Big Business Fails to Promote Women to Top Jobs

Just one in 10 recently appointed leaders at large companies was female 09 March 2021 Big Business Fails to Promote Women to Top Jobs

Attracta Mooney of the Financial Times highlighted that the world’s biggest companies are still recruiting far more men than women for top jobs despite long-running campaigns by shareholders, policymakers and other groups to improve gender diversity at all levels of business.

A quarter of the largest 500 companies named a new chief executive or executive chair in the past two years, but only one in 10 of those appointed were women, according to SquareWell. In total, just 5 per cent of top jobs at big companies are held by women.

Ann Cairns, global chair of the 30% Club, has commented to Attracta “I cannot believe that anyone could look out there and see that we have 95 per cent of the world’s best companies run by men and think they are all the best people for the job”.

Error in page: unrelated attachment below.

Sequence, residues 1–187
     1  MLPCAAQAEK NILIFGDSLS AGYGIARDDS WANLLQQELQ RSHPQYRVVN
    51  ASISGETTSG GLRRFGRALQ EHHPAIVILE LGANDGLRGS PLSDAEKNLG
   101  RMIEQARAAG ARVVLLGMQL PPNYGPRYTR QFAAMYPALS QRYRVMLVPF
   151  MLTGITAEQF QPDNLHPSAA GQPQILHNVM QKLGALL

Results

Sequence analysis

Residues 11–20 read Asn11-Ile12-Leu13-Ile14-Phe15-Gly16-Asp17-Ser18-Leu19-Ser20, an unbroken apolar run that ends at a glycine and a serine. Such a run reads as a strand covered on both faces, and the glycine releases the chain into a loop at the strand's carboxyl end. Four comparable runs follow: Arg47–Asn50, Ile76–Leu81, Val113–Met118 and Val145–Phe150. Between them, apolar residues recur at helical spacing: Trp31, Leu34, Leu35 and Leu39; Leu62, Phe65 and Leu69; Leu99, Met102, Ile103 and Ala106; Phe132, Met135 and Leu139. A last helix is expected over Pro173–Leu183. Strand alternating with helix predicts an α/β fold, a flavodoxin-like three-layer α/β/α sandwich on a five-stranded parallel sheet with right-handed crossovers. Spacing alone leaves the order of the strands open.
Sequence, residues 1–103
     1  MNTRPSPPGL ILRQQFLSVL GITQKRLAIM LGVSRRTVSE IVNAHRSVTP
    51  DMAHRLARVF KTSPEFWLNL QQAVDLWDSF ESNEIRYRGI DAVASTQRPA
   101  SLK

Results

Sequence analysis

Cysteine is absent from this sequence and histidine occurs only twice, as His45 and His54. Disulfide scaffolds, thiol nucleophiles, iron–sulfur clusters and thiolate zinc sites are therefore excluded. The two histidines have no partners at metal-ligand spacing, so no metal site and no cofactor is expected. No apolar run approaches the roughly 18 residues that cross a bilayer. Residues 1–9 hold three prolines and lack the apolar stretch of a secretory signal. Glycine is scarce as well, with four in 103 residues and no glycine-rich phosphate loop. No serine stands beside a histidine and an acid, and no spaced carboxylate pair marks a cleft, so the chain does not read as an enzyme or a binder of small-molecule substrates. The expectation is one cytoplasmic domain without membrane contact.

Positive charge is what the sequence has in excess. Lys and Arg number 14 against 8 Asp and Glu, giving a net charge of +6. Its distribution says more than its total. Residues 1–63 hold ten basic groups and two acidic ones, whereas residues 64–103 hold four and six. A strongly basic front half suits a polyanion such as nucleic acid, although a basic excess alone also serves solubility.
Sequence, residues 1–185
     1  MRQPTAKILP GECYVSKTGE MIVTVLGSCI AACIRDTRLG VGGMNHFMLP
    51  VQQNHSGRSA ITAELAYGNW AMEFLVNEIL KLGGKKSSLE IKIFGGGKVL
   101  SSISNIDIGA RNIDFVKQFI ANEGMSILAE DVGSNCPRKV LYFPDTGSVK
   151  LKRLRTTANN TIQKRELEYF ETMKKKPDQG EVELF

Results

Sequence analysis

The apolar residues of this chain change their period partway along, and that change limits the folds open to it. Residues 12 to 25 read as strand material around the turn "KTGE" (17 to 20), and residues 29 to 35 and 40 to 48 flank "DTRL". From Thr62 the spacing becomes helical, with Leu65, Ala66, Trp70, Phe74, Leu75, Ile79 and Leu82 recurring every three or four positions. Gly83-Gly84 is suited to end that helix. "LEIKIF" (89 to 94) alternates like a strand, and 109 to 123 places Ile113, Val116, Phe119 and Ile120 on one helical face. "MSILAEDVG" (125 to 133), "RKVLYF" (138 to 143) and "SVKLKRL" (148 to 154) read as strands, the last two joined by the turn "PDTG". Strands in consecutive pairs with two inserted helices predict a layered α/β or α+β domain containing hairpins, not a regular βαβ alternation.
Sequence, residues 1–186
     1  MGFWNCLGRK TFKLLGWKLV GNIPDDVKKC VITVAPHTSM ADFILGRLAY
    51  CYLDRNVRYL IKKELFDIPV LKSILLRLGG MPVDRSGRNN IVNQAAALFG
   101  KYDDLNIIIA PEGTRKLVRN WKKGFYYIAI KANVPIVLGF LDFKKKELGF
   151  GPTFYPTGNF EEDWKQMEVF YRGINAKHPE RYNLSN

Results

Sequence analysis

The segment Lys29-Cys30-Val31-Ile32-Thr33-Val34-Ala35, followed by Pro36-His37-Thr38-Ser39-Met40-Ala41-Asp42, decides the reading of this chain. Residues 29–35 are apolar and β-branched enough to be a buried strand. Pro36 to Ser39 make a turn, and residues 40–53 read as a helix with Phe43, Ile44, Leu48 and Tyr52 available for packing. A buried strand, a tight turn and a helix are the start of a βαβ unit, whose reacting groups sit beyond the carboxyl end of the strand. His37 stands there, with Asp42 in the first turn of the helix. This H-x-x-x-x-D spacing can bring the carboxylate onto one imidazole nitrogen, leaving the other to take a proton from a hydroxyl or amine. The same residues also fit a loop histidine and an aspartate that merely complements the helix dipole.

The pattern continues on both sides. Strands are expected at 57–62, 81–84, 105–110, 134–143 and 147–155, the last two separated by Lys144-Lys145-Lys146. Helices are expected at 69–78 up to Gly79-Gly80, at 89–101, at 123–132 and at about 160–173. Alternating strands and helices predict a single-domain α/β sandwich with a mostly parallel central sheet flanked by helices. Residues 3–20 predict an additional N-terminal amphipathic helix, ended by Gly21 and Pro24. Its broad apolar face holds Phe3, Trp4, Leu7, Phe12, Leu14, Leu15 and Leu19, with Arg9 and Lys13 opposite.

“It is no longer credible that there are not enough women who have the leadership traits, talent and skillset to be the CEO of a global company,” said Deborah Gilshan to Attracta, an adviser on investment stewardship and ESG issues.

Luca Giacalone, ESG adviser at SquareWell, said the slow progress in female CEO appointments was “likely a result of a combination of not having robust selection criteria from boards and the limited number of women candidates who are currently in roles that would naturally lead to such promotion”. But added that a growing push by investors to look beyond board diversity to senior management should “help address the inequality”.

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